She Had To Face Hurtful Comments After Losing Weight Through Surgery.
Story by Kalynn Knaub
“Growing up, I had always been the biggest kid. I was never considered ‘little’. People would make comments about my size, all the time. It became something i became accustomed to. I was always the slowest runner, the flag football belts never fit me. My swim suit on the swim team had to be special orders. I was active in school with sports and events.
I did like to eat, however in college I really started to pack on the pounds. Late night studying lead to making terrible decisions. You could say I never had a healthy relationship with food. College didn’t help, binge eating became something that was a comfort for me. My comfort was anything sweet. A half gallon of ice cream, I’d down that no problem. My parents used to go on vacation and i would eat a cheesecake while they were gone, which could be in two days. A pack of Oreo’s here, half a pizza there, throw in half a box of pasta for good measure. I would eat anything because it gave me comfort. Sad to realize looking back that I needed comfort from my own weight. I was always told “you’re really pretty for a big girl.” “you have such a pretty face, but you would be prettier if you lost a few pounds.”
As I got older, I realized that I was “’the big girl’; a label I would usually make fun of myself for. I tried for so long to hide the insecurities that came with that label. I had no self confidence, I tried to hide my weight with my personality I thought my personality would over shadow my weight for people. Then they would for forget about my weight and it would magically disappear. Shopping for clothes which always seemed to be going up size and kept getting tighter and tighter. I won’t ever forget dating, going on a date and a guy made a comment “I wouldn’t have taken you out if I would have known about how big you are” he also faked his mom having a stroke to end the date quickly, needless to say he never got a second date. I cried the whole way home then probably drank way too much that night.
I work as a nurse and realized, I give so many people the tools and inspiration to help themselves and want them to be better why not try and better myself? I was depressed, I didn’t want to go out with friends, I didn’t want to date. I wanted to hide, from myself and everyone else. I had no idea what to do. I tried years of failed diets, failed exercise routines, every diet pill on the market. I knew if I didn’t make a major change I was going to kill myself one bite of food at a time. I felt that I had tried everything short of having a eating disorder and had no hope. My parents were supportive, yet apprehensive at first, as any parent would be. They wanted what any parent wanted, me to be happy in a healthy way.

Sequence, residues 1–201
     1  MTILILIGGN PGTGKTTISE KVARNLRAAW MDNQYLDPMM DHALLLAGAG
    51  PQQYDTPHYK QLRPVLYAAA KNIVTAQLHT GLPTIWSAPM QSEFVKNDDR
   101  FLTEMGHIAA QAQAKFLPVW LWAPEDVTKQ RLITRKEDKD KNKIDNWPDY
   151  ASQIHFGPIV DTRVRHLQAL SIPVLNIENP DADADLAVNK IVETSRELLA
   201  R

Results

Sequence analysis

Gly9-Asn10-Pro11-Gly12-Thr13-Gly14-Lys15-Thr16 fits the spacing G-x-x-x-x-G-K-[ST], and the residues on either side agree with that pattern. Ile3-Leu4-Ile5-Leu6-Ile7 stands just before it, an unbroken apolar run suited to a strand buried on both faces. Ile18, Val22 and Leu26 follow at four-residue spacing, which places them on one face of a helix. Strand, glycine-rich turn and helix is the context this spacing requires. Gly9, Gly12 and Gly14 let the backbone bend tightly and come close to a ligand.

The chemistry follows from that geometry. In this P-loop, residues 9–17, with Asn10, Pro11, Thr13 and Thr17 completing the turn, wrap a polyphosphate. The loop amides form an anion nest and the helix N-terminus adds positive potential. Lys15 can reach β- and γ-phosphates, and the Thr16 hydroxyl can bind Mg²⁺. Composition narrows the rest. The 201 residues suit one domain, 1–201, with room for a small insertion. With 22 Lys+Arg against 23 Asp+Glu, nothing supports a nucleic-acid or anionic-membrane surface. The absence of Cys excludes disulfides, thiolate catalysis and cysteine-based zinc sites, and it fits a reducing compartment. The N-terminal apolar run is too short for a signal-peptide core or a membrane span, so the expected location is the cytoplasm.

I looked into a weight loss center through my job. I remember working with two of my good friends and talking with them about even making an appointment. I was nervous what others would think of me, what they would say. Liz said to me ‘What does it matter what they think? Is it their body? No, it’s not. It’s yours. Make the call.’ Nicole said ‘she’s right. If this is going to make you happy, that’s what you deserve. You deserve to be happy. Call them.’ I remember walking away from both of them, knowing they were right. Crying and making the phone call. I called the weight loss center and told them, I needed to make a informational appointment, I also told them I was nervous. I have no idea what this entails and what it means for my life.
I had tried everything at this point, diets, pills, exercise, anorexia followed by binge eating I knew I needed to take control of my life. If not, I was going to die.
I went to the weight loss center, I was so overwhelmed. They have surgery options, they have physician supervised options. What do I choose? Which is best for me? After researching for what seemed like months, I made my decision. I was going to have the gastric sleeve surgery. A surgery which would remove approximately 75% of my stomach. I kept my decision pretty quiet, I told a few close friends, and my immediate family members. They 100% supported me. I started going to the weight loss center and proceeding with my appointments I had to get so many clearances. Family doctor, cardiologist, psychologist, dietitian, labs, EKG’s. As time went on I wondered if i was making the biggest mistake of my life.
I had a pre-op diet which included protein shakes and yogurt, for two weeks. I thought I was dying during that time, then the big day finally came, March 28th. The surgery was an easy surgery, I woke up in recovery in pain which was to be expected. My hospital stay was one night and then i was sent home. The first few days were rough, I was in severe amounts of pain, I was nausea’s and I couldn’t do anything but drink clear fluids. As days went on. drinking got easier, the pain got better, the nausea went away. I started doing my daily walks. I was told during my hospital stay that walking would be the best thing for healing. I don’t have any where to walk that was flat. So to Walmart I went, every day pushing a cart I walked the isles. After a few weeks of that I was finally comfortable enough to walk outside. This went on for a full 6 weeks. Walks, and protein drinks were what filled my life it seemed. I had a allergic reaction post op that made me question everything. I was covered in a rash, itching myself crazy, I thought “this is my life now, what did i do” my rash went away thanks to steroids, and I quickly forgot my negative thoughts.